This course is an introduction to philosophy. One of the questions you should be able to give an answer to, by the end of the semester, is "what is philosophy?"

A very boring answer to that question is that philosophy is an academic discipline of the humanities. Philosophy's branches and specializations differ from country to country and culture to culture. In this class, we will be focusing mostly on philosophy as it is researched and taught in the United States and Canada, but we will look further afield as well. In the United States and Canada, philosophical research generally divides into four categories:
1. History of Philosophy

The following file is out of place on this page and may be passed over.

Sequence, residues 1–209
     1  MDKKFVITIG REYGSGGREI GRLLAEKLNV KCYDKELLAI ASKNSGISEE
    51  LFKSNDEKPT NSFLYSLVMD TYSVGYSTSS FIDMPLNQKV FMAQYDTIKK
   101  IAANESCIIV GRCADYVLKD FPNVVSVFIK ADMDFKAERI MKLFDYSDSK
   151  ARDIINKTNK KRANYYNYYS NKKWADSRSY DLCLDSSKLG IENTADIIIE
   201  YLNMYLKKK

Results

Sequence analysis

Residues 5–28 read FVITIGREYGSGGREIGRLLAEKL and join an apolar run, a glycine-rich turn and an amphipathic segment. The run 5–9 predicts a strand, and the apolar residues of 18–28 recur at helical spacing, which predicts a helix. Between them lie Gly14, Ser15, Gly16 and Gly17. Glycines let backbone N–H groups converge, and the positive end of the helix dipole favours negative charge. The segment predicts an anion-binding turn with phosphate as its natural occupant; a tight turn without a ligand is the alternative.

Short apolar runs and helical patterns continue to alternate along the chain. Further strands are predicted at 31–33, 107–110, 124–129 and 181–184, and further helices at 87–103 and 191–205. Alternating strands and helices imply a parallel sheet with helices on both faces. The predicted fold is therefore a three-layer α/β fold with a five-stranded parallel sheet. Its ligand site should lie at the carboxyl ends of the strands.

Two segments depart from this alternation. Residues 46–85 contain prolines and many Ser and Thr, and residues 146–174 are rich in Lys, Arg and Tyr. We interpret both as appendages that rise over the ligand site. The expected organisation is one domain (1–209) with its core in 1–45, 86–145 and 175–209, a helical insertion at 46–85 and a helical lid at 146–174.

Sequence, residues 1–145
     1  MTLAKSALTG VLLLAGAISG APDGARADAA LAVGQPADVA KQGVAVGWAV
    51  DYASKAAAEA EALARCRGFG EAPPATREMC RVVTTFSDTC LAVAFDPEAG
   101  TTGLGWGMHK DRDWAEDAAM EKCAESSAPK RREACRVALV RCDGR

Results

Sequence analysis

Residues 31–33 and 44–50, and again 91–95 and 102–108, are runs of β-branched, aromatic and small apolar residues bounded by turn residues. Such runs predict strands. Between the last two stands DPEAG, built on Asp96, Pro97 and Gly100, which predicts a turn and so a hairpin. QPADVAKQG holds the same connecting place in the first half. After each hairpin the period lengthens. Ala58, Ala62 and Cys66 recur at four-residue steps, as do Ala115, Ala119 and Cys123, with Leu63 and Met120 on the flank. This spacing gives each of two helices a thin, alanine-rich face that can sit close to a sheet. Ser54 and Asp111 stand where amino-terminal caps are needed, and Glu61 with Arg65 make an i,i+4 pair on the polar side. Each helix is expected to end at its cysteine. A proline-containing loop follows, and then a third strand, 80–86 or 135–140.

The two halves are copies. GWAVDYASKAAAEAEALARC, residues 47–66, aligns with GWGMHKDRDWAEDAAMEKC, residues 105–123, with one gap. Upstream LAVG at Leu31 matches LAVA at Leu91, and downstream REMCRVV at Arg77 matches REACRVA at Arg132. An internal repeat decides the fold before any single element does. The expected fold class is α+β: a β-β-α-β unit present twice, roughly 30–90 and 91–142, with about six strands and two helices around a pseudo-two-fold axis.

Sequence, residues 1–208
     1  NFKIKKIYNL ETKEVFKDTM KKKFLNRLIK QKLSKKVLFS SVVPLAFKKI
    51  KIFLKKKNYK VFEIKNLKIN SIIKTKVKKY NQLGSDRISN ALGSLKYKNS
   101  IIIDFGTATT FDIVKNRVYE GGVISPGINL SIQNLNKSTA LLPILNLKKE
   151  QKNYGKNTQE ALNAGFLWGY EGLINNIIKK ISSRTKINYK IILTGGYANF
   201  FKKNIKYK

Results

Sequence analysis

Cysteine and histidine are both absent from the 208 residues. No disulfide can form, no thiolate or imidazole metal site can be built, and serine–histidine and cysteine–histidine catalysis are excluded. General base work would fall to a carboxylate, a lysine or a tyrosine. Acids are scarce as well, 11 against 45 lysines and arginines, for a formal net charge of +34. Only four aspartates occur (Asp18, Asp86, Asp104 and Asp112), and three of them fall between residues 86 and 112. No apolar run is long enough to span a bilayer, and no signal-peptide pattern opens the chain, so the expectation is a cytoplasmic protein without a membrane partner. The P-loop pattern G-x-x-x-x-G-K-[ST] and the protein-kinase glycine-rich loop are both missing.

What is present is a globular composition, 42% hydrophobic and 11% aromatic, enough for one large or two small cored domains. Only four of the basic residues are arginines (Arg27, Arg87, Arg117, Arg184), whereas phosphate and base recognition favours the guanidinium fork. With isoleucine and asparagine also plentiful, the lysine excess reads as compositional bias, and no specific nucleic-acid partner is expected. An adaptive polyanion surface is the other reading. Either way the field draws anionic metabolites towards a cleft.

2. Metaphysics and Epistemology
3. Logic, Philosophy of Science, and Philosophy of Math
4. Value Theory

Over the course of the semester, we will read classic and contemporary articles from each of these main fields. In any survey course, the professor has to decide between breadth and depth. I have selected articles with breadth in mind. That is, the articles we read should provide you with familiarity with the reach and extent of what philosophy covers and should also familiarize you with what philosophy does.

On the last page of this syllabus is a sample list of questions that philosophers ask and offer answers to. Over the course of this semester, we will engage with many but not all of these questions. We may not, and probably will not, be able to resolve many issues, but we should at least gain a greater understanding of the issues, which should serve as beginnings to possible resolutions.